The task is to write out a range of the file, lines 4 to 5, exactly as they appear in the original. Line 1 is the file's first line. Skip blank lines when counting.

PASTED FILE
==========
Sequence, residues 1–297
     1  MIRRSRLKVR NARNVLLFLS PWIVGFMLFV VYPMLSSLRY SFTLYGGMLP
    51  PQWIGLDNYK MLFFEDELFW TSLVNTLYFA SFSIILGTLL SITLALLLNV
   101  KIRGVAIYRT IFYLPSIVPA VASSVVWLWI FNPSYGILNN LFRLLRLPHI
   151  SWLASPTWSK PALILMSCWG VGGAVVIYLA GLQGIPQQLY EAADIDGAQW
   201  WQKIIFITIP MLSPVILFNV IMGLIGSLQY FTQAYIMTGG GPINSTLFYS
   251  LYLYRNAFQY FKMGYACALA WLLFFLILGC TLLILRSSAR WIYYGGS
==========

   101  KIRGVAIYRT IFYLPSIVPA VASSVVWLWI FNPSYGILNN LFRLLRLPHI
   151  SWLASPTWSK PALILMSCWG VGGAVVIYLA GLQGIPQQLY EAADIDGAQW